"Hot Spots" Public Notification

This page last reviewed July 1, 2012

Assembly Bill (AB) 2588 (Connelly), the Air Toxics "Hot Spots" Information and Assessment Act, requires facilities found to have a significant risk from their emissions to notify all exposed persons. Once risk assessments (see Risk Assessment) are reviewed by the Office of Environmental Health Hazard Assessment (OEHHA) and approved by the air pollution control or air quality management district (district), facility operators must notify all exposed persons of the risk assessment results if the district determines that there is a potentially significant health risk associated with emissions from the facility. Each district is responsible for establishing the notification threshold at which facilities are required to notify all exposed persons with either a letter to individual neighbors, or with a newspaper notification. Some districts also require the facility to post information about the facility risk at the local library.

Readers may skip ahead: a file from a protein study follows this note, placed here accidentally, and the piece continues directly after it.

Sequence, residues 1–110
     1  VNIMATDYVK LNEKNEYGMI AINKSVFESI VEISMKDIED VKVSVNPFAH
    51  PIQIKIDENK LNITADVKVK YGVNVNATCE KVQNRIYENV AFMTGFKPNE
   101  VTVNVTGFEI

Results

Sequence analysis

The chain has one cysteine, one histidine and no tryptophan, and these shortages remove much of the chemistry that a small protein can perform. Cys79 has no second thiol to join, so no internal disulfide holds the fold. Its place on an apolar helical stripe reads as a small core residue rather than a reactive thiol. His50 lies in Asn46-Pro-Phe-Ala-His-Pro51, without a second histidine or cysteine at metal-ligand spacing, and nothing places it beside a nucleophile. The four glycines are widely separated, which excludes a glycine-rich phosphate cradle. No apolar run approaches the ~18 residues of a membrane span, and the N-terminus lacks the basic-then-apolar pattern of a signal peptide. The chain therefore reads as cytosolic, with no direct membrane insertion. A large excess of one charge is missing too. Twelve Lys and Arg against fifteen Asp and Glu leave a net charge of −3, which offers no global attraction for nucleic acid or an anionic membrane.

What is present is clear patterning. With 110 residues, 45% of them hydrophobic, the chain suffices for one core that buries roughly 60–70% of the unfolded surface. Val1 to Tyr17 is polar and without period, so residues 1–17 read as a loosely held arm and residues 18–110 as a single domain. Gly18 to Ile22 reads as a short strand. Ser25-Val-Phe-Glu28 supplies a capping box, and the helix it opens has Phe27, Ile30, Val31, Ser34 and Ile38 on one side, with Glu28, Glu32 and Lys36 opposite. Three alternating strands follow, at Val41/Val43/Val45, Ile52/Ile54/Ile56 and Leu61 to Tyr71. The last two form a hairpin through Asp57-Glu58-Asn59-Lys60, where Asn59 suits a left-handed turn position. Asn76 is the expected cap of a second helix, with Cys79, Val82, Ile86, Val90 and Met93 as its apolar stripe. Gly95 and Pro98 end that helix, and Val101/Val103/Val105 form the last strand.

The California Air Pollution Control Officers Association (CAPCOA) Toxics Committee, in cooperation with OEHHA and the Air Resources Board (ARB), developed the CAPCOA Public Notification Guidelines, October 1992. The purpose of these guidelines is to assist districts in developing their public notification procedures. However, districts may develop and use notification methods which differ from the CAPCOA guidelines.

You may download a copy of the Public Notification Guidelines in Acrobat format (17MB).

Some facilities with diesel engines may have to conduct public notification. An industrywide or standard public notice for diesel PM may be appropriate, depending on district policies.